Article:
I was about a block away when I saw the couple on the bench. As I moved closer, I could see her occasionally say something to him. She would sit up and tilt forward and he would look out over the water in response. As I got closer, I could see that they were holding hands and leaning on each other while sitting on the bench. They were silent most of the time and they looked comfortable with that silence. I assumed that they were two people who had been together a long time and just fit together. They didn’t need to talk. They spoke volumes with their body language.
How do you envision a love story? It is full of passion and proclamations of love? Can a love story be told without that? Can you read a story and just know that there was so much love that time cannot diminish it?
When I read Calvin Trillin’s About Alice, I read such a book. It is an amazing tribute by the author to his wife. It is the love that Calvin has for Alice that shines forth. He does not tell you that he loved her as much as he shows you from his stories of their lives together. I found the book very touching.
The book is brief. There are less than 90 pages. My copy includes two additional stories from the book Quite Enough of Calvin Trillin.
In the book Calvin Trillin tells the story of how he met Alice and her version of the story.
“Alice would sometimes say, “You have never again been as funny as you were that night.”
“You mean I peaked in December of 1963?” I’d say, twenty or even thirty years later.
“I’m afraid so.”
Alice developed lung cancer at age 38. She survived having cancer and lived to see her two daughters grow up and get married.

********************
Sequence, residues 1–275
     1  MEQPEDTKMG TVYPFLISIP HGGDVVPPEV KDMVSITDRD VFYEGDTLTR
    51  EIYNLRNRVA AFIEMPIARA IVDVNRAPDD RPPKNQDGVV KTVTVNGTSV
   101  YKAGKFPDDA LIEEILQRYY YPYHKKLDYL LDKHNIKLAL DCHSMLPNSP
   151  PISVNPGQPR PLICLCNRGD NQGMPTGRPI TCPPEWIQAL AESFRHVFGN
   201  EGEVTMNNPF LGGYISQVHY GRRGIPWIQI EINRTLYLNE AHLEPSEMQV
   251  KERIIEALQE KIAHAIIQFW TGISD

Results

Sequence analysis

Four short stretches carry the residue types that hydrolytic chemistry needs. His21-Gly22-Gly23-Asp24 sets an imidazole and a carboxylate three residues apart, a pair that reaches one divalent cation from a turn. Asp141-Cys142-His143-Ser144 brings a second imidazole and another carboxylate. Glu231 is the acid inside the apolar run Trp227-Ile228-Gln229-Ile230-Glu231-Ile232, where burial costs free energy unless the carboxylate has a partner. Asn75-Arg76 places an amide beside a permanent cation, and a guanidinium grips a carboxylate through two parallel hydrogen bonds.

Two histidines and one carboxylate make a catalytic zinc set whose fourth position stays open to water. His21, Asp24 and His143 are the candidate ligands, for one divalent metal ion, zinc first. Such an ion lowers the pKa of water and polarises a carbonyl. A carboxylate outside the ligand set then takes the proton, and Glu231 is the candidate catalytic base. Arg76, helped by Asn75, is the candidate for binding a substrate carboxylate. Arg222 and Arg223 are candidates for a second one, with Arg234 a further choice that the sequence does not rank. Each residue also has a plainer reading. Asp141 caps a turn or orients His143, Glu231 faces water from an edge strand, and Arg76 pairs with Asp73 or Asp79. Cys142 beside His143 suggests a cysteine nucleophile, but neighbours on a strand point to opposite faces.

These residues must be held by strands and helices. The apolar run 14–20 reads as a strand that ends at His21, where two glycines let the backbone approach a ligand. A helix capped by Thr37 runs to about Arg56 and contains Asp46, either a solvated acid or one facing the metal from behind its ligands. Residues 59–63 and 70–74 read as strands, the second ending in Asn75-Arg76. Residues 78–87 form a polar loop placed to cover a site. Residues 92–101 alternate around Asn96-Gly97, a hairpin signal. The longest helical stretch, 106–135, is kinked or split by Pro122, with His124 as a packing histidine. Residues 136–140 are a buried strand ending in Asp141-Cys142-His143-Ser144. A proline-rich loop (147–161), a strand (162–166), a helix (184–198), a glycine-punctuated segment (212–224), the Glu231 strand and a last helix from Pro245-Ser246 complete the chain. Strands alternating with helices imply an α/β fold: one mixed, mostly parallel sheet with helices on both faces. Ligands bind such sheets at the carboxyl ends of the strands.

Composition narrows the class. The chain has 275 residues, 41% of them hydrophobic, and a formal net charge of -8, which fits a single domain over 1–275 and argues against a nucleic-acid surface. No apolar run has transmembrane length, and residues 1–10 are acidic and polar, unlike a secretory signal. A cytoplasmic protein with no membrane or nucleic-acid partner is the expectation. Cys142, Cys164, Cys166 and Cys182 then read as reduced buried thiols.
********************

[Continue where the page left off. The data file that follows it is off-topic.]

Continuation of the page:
“A couple years after Alice’s diagnosis, I realized that I wasn’t thinking about it all the time. Gradually, we had found ourselves back in or regular lives. …
… I was walking through the airport to catch a plane back to New York when, apropos of nothing, the possibility that things could have gone the other way in 1976 burst into my mind. I could see myself trying to tell my girls that their mother was dead, I think I literally staggered. I sat down in the nearest chair. I wasn’t in tears. I was in a condition my father would have called poleaxed. A couple people stopped to ask if I was all right. I must have said yes. After a while, the pictures faded from my mind. I walked to the gate and caught my flight to New York.”
Alice died of heart failure at the age of 63 in 2001.
Calvin Trillin is the author of 18 books. He has been on the staff of Time Magazine and The New Yorker. He has appeared on television talk shows – he was on the Tonight Show with Johnny Carson over 30 times. He has been awarded the Thruber Prize for American Humor (2012) and was inducted in 2013 into the New York Writers Hall of Fame
This book was published in 2006. If you are interested, I would check your public library. It is, of course, available from Amazon.
Thanks for reading.
Glad to hear about this book. I’ll check with my library. 🙂
It was a very quick delightful read. I hope you enjoy it!
Sounds like a tear-jerker.
It really wasn’t at all. And I am a world class crier. It was just a loving story.